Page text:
Letter to my newly-widowed self

Dear newly-widowed Marlys — I’m now 19 months into widowhood, and while there are quite possibly more things ahead to deal with, for the most part I’m feeling pretty seasoned.

You’re a newbie. And you’re overwhelmed. So for this moment, make a cup of Chai tea—knowing how much you and I love Chai—and put your feet up to read this letter. Remember to breathe.


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Photo credit: Pixabay


From my seasoned perspective, here’s some advice and a lot of hope:

Take one day at a time. In these first days, as you’re planning a service for Hubby, lean on the kids — they’ll all be a tremendous help. Here’s something you don’t know yet, but Gary’s Celebration of Life service will be exactly what you want it to be. Hope-filled and honoring of him. Good stories and remembrances; some tears, but more laughter. Don’t stress over the planning.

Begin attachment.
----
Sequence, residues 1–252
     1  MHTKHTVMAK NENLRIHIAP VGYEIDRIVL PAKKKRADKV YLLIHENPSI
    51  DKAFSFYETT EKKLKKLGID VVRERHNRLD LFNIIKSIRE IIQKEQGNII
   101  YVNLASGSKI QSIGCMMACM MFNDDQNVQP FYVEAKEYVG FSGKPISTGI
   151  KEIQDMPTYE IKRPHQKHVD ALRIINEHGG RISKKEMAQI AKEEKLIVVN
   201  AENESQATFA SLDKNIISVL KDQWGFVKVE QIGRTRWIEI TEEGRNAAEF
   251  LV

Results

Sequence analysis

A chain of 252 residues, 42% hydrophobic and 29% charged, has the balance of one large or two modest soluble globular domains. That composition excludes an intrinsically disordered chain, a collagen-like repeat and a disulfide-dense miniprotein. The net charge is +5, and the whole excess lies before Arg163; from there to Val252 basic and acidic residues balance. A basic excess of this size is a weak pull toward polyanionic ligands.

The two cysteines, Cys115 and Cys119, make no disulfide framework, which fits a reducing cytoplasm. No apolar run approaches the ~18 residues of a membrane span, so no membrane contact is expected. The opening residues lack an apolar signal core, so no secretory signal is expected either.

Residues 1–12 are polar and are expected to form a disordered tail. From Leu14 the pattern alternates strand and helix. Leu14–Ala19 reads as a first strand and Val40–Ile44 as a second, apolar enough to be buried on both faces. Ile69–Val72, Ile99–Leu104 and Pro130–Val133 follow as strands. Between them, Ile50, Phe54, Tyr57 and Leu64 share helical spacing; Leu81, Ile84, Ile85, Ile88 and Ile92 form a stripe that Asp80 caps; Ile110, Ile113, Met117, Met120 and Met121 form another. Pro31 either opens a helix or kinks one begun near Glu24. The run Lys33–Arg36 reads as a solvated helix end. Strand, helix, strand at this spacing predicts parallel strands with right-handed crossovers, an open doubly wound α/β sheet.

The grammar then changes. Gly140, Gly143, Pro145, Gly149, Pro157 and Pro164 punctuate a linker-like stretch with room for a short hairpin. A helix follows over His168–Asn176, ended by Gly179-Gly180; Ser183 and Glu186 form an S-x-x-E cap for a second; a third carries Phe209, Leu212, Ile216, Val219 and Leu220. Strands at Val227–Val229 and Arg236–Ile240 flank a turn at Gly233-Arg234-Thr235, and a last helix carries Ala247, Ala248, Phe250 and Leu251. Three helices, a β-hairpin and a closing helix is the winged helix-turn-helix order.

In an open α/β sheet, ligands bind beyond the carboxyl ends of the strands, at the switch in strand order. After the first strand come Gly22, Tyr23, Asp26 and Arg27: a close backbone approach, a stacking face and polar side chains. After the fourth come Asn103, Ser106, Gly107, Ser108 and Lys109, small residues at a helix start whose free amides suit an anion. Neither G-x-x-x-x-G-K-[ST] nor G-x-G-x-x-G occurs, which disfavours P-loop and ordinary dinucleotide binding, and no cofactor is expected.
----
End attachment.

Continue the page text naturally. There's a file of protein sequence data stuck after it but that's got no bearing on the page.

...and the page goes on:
Accept help. People will want to help in meaningful ways. Accept all offers of help, all offers of help. And you know the mail that’s just now beginning to overflow your mailbox? Well, enough checks are going to fall out of those beautiful cards to cover funeral home expenses. One less thing for you to concern yourself over.

And while we’re on the topic of finances … don’t worry. The kids are going to strategize behind your back. And they’re going to encourage you to take an early retirement and keep blogging and get back into speaking and write a book. They’ve thought this through, and they love you, and they’re wise. So listen to them. Your early-retirement-fixed-income is going to work out just fine. Miraculously fine. Wait until you see where you get to live, and the new friends you’ll make.